Tax exemptions are bad for city

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A proposal for a new soccer stadium in downtown Minneapolis is drawing controversy because of how it may be funded. The owners of the Minnesota United soccer club have stated that they will privately fund the stadium, which will cost an estimated $150 million, without any direct subsidies from the state. However, their proposal for the stadium included a request for a sales tax exemption of about $3 million, as well as a permanent property tax exemption.

These requested exemptions have received mixed reactions.
 
Some are potentially supportive of the deal. Several City Council members have asked for more details about the proposal, and Gov. Mark Dayton has said he may offer public dollars for certain stadium improvements. 
 
Others oppose any permanent tax exemptions. Minneapolis Mayor Betsy Hodges called the request a “public subsidy” that “will have a direct and negative impact on the taxpayers of Minneapolis.”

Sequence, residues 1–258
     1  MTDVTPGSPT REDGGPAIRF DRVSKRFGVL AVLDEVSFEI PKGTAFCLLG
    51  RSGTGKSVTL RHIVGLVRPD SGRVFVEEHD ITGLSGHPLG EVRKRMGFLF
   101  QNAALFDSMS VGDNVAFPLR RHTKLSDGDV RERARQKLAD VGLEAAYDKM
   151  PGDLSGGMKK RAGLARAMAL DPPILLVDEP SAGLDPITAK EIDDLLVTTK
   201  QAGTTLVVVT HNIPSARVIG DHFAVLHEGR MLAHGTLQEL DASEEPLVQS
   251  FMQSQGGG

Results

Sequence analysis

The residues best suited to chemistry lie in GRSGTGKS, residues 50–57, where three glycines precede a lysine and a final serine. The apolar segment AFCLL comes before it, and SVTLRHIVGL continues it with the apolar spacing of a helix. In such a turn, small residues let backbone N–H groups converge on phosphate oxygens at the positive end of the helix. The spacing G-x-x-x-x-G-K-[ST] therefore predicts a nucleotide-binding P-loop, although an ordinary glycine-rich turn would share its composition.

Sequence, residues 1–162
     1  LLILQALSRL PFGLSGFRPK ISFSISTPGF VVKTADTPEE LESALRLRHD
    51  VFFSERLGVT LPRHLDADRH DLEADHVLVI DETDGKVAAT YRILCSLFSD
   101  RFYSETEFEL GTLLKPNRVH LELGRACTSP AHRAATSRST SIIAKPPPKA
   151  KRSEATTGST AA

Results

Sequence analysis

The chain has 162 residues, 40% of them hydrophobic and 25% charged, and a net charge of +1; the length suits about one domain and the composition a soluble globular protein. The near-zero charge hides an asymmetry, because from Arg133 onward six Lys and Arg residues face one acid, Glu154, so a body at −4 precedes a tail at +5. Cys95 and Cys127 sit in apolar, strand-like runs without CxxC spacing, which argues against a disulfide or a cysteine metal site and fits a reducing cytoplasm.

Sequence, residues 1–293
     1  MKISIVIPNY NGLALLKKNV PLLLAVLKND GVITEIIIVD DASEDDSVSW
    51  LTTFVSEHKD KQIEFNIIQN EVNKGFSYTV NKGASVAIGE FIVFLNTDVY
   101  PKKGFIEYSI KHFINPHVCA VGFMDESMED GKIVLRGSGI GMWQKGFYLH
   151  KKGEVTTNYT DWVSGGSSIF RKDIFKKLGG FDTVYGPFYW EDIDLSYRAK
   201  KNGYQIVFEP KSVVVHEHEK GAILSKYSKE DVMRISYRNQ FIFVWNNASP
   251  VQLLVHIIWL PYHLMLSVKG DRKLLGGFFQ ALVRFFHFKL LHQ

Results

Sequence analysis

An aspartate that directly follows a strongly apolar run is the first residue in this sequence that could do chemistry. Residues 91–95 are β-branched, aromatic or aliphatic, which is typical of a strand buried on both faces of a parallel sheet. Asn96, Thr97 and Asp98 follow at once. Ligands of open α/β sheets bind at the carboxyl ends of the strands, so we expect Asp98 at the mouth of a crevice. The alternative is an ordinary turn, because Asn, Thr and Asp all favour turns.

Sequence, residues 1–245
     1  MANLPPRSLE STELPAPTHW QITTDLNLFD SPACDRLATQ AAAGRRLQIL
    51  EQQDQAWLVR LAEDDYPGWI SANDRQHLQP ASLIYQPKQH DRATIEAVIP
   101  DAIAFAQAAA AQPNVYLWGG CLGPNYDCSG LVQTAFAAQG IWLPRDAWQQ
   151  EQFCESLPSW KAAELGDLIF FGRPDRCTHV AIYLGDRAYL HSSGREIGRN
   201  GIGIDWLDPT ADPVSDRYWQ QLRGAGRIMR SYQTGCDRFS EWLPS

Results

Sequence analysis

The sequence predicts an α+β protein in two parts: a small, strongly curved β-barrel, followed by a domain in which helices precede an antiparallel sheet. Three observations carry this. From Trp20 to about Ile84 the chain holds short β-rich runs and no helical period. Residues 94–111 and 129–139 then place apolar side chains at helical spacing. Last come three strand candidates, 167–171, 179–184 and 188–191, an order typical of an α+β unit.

On Monday, the state Senate voted almost unanimously to ban state funds from being spent on the new stadium. Although the ban does not explicitly mention tax exemptions, it reflects a general opposition to the use of state money to build a privately-owned stadium. 
 
We agree with the Senate’s stance. As long as private money is the only source of funding, there is no problem with a new private stadium. However, a long-running property tax exemption amounts to a subsidy that Minneapolis residents should not be required to pay.
 

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